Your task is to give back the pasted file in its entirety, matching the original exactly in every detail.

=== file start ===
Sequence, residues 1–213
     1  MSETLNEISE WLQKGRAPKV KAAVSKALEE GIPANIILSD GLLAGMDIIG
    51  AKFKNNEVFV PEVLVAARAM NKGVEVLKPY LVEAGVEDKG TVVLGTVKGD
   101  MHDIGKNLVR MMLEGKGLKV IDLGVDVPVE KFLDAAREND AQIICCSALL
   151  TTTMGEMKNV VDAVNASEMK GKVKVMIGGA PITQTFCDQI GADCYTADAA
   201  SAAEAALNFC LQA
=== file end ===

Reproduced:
Sequence, residues 1–213
     1  MSETLNEISE WLQKGRAPKV KAAVSKALEE GIPANIILSD GLLAGMDIIG
    51  AKFKNNEVFV PEVLVAARAM NKGVEVLKPY LVEAGVEDKG TVVLGTVKGD
   101  MHDIGKNLVR MMLEGKGLKV IDLGVDVPVE KFLDAAREND AQIICCSALL
   151  TTTMGEMKNV VDAVNASEMK GKVKVMIGGA PITQTFCDQI GADCYTADAA
   201  SAAEAALNFC LQA